Sorry again for not writing. comps, blahblahblah, studying, etc. I think I have a better plan for the next round, so hopefully I’ll get back in a rhythm of updates soon.
Because my first set of exams was on Theory Pedagogy, I’ve been thinking a ton about that. This means reading articles and constantly running into pedagogical issues that I think I want to address, either in the construction or presentation of Functional Analysis. One of the projects led me to think about designing my own ideal core curriculum (but using standard books). In doing this, I discovered that the primary thrust of my teaching philosophy is relevance, and one my favorite ways of achieving this goal is to start big and work small. This is evident in my presentation of multiple topics, whether tonal theory, Schenkerian analysis, or analysis in general. I prefer to start with big, audible features, and work down to details. This means that students can get a basic grasp on a piece immediately, and discover the interesting, intimate details for themselves, as they get drawn into what makes each piece unique.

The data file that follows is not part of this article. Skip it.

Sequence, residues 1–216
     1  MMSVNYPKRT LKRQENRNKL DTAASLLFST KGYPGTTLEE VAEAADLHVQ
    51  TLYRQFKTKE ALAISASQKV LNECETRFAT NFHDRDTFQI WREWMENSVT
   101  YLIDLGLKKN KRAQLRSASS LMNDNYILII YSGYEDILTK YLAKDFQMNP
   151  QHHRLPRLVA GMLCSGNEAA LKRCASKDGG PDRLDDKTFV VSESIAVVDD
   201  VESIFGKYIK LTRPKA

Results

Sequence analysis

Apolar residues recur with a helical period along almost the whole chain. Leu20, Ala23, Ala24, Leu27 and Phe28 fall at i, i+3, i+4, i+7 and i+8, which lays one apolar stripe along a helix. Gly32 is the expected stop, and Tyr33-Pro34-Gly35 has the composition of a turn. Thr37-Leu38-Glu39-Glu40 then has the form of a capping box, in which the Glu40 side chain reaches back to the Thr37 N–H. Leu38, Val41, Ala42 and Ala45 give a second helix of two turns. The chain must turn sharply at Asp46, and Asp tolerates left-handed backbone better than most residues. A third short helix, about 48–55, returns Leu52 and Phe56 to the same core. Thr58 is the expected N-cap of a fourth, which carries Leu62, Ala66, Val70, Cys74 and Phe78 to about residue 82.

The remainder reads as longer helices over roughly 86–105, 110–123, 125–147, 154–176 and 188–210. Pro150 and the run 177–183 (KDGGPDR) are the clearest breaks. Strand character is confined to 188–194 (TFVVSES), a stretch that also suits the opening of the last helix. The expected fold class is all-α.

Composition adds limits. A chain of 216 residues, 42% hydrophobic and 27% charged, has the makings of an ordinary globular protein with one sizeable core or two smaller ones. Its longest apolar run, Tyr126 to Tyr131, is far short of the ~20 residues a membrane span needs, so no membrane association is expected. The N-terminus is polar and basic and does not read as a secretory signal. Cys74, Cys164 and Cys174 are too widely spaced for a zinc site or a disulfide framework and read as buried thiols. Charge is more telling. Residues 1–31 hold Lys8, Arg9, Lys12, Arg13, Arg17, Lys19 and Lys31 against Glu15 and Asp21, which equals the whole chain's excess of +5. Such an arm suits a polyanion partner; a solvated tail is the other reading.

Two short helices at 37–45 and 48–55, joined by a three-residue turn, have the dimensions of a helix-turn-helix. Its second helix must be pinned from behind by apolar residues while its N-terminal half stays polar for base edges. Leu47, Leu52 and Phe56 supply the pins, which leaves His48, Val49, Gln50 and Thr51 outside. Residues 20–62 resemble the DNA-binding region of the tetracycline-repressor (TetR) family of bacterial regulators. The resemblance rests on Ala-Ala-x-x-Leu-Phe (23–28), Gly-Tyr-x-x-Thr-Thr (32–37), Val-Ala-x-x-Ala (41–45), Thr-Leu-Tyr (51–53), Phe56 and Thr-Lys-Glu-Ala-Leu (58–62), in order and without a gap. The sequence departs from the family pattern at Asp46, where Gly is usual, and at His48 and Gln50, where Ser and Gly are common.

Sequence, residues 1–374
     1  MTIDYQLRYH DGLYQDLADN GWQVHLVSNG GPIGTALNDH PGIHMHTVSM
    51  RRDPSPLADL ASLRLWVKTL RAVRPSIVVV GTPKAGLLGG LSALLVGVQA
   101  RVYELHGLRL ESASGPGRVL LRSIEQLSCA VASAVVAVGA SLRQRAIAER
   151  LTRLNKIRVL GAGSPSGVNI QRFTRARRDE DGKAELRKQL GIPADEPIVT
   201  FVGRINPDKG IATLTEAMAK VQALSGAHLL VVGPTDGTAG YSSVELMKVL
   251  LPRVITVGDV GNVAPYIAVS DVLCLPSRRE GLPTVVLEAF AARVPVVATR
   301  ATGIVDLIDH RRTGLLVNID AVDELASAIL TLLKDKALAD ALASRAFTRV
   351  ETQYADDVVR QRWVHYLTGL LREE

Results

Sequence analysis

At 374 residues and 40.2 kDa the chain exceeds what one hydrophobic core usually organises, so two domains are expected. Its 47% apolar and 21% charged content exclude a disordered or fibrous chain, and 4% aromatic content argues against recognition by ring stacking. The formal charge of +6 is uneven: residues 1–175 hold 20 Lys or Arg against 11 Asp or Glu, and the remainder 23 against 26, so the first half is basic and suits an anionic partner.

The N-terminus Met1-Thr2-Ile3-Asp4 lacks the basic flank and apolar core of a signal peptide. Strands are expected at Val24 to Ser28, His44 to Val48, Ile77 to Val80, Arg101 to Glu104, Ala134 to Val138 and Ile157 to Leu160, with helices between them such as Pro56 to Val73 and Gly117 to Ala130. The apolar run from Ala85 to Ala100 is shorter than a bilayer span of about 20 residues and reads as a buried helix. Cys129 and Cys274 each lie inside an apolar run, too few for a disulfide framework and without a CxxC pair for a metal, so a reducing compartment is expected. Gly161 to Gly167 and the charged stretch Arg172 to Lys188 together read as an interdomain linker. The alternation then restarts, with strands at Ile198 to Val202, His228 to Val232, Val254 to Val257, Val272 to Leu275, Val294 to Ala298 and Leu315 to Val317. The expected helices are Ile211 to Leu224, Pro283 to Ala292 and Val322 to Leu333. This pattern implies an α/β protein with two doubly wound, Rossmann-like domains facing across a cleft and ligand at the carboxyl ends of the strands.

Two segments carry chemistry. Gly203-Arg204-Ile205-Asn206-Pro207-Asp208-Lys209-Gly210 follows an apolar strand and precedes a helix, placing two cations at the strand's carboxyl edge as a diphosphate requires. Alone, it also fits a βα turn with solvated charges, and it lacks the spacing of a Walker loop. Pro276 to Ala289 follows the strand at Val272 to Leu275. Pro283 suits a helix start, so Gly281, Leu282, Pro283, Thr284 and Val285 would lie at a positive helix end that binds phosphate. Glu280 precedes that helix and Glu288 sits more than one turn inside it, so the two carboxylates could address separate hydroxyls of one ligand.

My basic attack to analyzing any piece of music:
-Where are basic formal structures? Does the beginning return at the end?
-What sort of contrasts exist in outlining the structure?
-Where are cadences (however they may be defined in a given style)? What does this tell us about phrases?
-How do the harmony, function, or other considerations (rhythm, timbre, texture, etc) bring out the phrases?
-What are large melodic structures and how do they fit the harmony? (tonal music or related)
-Does the text interact with the music? How? (texted music)
What does knowing all these things tell me about the piece? About the composer? About how I should perform it? Listen to it?
The myriad of articles that I was reading this morning on Schenker and pedagogy (many of them from before I was born), reminded me that while I call my work Functional Analysis and draw on Riemann, often seen as antithetical to Schenker, what I’m actually aiming to do is present tonal harmony in a way that makes Schenkerian theory and analysis a logical outgrowth of basic theory, and in some respects, makes Schenker easy and second nature.